A New Recording —
A story with the little giraffe
Shh, listen! The little giraffe unboxed the big green headphones and is enjoying a first sonic impression of a new piece. Let’s have a look at how an audio recording emerges from the silence of a formerly white paper.
Recordings are definitely a crucial part in documenting a composer‘s work. Too often it occurs that a piece is written only for a particular event. Once the work is premiered, it would disappear into the abyss of oblivion. That is not exactly the intention of many of the composers who are affected by the very phenomenon. There are a couple of ways of how to face that issue. One good approach is to record the works. Not only can a good recording be shard via the internet or broadcasted by a radio station, it also documents the first interpretation the piece which is very often developed in a close collaboration with the composer. Sometimes composers conduct their music themselves or play it on the instrument that is most familiar to them. It is still interesting, for instance, to listen to Stravinky’s own interpretation of his famous ballet Le Sacre du Printemps, although there might be better and more enthralling versions conducted by Boulez. Undoubtedly Stravinsky’s interpretation remains a very important and historically relevant source all the same. By the bye, Le Sacre du Printemps has never had to fight for its omnipresence of course: It burst into being already at its premiere, accompanied by one of the most notorious scandals in the recent chapters of music history.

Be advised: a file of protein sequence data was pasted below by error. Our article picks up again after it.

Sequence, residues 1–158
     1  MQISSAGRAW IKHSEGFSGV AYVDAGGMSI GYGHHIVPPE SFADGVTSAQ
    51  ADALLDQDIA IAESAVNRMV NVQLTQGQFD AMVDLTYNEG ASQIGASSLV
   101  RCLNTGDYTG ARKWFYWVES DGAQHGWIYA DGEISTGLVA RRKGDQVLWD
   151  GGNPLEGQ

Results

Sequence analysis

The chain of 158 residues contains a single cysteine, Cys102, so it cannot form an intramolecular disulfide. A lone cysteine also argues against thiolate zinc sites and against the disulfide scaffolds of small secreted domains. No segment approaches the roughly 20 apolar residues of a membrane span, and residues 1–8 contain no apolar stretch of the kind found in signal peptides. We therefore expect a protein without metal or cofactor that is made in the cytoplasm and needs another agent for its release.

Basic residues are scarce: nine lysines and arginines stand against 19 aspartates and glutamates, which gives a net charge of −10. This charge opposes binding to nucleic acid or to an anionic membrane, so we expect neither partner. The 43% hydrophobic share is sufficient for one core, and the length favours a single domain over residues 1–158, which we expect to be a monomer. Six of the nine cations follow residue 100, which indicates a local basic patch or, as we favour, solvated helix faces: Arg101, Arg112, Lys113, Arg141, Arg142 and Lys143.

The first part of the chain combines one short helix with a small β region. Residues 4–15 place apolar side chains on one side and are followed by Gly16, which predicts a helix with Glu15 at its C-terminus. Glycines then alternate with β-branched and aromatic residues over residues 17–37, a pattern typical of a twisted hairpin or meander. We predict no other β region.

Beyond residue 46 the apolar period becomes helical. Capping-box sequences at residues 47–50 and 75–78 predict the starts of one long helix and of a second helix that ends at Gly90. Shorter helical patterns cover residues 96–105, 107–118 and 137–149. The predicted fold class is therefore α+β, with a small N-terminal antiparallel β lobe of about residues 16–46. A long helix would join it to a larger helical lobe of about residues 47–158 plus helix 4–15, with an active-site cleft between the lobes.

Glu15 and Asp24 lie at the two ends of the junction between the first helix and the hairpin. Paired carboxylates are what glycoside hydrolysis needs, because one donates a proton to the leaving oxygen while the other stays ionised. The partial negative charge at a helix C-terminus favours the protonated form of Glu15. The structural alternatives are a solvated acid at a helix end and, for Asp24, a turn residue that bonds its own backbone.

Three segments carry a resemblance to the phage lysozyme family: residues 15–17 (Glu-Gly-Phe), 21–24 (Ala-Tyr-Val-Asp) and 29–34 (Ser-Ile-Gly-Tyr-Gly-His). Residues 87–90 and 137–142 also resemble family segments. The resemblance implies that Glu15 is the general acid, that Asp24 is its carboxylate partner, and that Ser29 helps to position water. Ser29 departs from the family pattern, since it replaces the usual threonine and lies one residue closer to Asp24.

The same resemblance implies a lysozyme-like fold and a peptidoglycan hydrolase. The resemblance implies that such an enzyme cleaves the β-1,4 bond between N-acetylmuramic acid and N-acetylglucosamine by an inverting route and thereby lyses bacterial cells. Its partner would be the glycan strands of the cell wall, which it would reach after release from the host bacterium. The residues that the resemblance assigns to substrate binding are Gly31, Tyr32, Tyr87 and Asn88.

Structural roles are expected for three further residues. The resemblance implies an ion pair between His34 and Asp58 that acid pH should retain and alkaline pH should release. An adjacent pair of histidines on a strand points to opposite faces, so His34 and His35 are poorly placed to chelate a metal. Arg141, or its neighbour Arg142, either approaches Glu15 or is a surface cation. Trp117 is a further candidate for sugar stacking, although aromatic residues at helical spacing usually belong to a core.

Let’s jump back into the 21st century. Last year, in 2018, I started to compose a cycle of 21 oracles for the piano. In the same summer I finished the first book which I dedicated to Richard Dünser, my teacher in composition, to his 60th birthday. On this occasion a CD with works by Richard Dünser and his students is scheduled to be released in the coming months and my first book of oracles will be part of the disc. I rehearsed the work for nearly a whole year until I dared to stage it for the first time in June 2019. It is always a somewhat good idea to play a new work several times in public or at least for some invited friends before recording it. The premiere which took place in the Alte Schmiede in Vienna was quite successful—I even sold some of my ORF portrait CDs at the event—so I felt optimistic enough to record it at the end of July in Graz.
Everything went fine and the recording session ended up in a stack of some hours of uncut material. It was a somewhat brilliant idea to keep records accurately of all the takes that were poor and those few that might be considered usable. At the end of the day the cut version looked like a rag rug, but thanks to the ingenious tonmeister Simon Dünser it does sound brilliant now and makes me very much looking forward not only to holding the CD in my hands, but primarily also to feeding it my CD drive.
By the way, in the meantime I fixed two concerts in 2020 on March 15 in Graz and on April 25 near Zagreb, where I will play the work live and where I will hopefully sell some more CDs—the new ones as well.